BERmon41 Functional biodiversity in boreal soils
Enzyme activity pattern measurement method development and applicability studies
Milja Vepsäläinen, 2012
Monographs of the Boreal Environment Research no. 41, p. 59.
URN:ISBN:978-952-11-4084-6, ISBN 978-952-11-4084-6 (PDF).
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Soil microorganisms mediate central reactions of element cycles in a heterogenic environment characterized by discontinuity of energy, nutrients, and water together with sharp pH gradients. They are diverse in species, numerous in quantity and possess a multitude of functions. One gram of soil may contain 10x109 microbial cells; for comparison, the Earth has only 7x109 human inhabitants. Species richness, evenness and composition in soils is impossible to measure, and therefore a convenient means of characterising soil microorganisms is to measure the type and rate of reactions occurring.
The aim of this work was to develop a rapid, sensitive method to measure the activities of a set of soil enzymes simultaneously in a small scale. In the method, homogenized soil suspensions are investigated using fluorescent substrate analogues freeze-dried onto multiwall plates. It was shown that extraction of enzymes from soils produced inconsistent and unpredictable yields of the various activities and was therefore not applied as a pretreatment. Applicability of the method was evaluated by characterising soils treated with different agricultural practices, supporting a variety of crop plants and with fluctuating seasonal attributes. Bulk samples from experimental sites established both in agricultural and forest soils were utilized. Details of method development and of the effects of different treatments on enzyme activity pattern and on individual enzyme activities are discussed.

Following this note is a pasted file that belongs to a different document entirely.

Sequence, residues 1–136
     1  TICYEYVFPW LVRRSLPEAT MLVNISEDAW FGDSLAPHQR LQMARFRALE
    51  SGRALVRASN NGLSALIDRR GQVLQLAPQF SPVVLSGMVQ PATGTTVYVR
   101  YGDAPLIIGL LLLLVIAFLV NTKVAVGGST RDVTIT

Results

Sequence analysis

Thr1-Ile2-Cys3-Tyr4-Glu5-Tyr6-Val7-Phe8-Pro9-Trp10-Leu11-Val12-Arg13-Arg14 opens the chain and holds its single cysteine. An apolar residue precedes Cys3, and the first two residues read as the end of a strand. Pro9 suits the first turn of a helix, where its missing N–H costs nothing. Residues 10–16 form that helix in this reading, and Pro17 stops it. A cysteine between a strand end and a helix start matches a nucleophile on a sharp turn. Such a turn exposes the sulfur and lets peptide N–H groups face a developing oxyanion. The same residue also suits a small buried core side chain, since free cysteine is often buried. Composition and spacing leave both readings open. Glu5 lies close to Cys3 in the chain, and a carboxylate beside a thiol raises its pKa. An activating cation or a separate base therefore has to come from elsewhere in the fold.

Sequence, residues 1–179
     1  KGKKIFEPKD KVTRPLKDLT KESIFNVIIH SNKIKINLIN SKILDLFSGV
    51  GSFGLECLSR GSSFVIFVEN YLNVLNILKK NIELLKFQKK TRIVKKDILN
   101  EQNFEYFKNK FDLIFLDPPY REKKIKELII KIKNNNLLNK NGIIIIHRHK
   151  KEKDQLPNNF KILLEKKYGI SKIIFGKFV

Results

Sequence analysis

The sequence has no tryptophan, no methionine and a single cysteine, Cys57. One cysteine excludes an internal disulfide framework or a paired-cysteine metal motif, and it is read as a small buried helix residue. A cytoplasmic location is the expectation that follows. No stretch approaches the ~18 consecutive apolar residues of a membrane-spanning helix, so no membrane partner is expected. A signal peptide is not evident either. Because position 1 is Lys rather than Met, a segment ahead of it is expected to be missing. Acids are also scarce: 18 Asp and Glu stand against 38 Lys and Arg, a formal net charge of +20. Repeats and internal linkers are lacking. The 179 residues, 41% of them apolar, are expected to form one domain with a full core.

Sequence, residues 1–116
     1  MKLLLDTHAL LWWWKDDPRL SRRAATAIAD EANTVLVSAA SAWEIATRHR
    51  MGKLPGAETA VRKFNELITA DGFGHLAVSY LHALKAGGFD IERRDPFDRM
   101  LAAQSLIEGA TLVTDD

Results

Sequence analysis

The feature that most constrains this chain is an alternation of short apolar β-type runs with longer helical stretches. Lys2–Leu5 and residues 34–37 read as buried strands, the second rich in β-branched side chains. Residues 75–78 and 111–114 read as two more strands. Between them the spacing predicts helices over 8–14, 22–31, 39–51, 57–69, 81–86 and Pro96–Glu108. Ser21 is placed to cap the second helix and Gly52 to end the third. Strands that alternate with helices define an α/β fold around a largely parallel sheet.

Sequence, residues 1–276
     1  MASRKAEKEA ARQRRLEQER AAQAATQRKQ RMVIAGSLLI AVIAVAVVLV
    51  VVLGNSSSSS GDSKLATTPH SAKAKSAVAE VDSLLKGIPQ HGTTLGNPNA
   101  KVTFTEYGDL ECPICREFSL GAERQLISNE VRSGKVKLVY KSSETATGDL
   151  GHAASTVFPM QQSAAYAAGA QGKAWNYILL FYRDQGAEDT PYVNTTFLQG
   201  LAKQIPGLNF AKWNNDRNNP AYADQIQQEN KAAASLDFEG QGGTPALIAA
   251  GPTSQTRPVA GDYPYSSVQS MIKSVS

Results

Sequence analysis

The effects of eight crop plants, peat amendment and two consecutive sampling years yielded significant differences in soil extracellular enzyme activities. The effect of crop plants was most pronounced: eight of the measured ten activities yielded statistically significant differences in both years. The activities differed between years for six enzymes. The effect of peat was slight and was observed only two years after the addition. In another experiment, green or composted plant residues tended to enhance the activities of enzymes compared with chemical fertilizers, although the effect was not consistent. Forest soils usually yielded higher specific activities than field soils and the enzymes showed higher potential activities under alder than under pine. Temporal fluctuations of enzyme activities were also studied.
Cluster analysis was utilized for data analysis in order to combine all measured attributes and to reveal the differences in the entire pattern, even though the differences in individual enzyme level were not statistically significant and the enzyme activities often correlated with each other.
Due to the multitude of processes and functions, together with the wide taxonomic diversity in soils, method development in soil microbiology is still a major challenge. Interpretation of results usually requires a reference comparison. The method developed in the present study is proposed to be used as a sensitive measure of soil functional activity.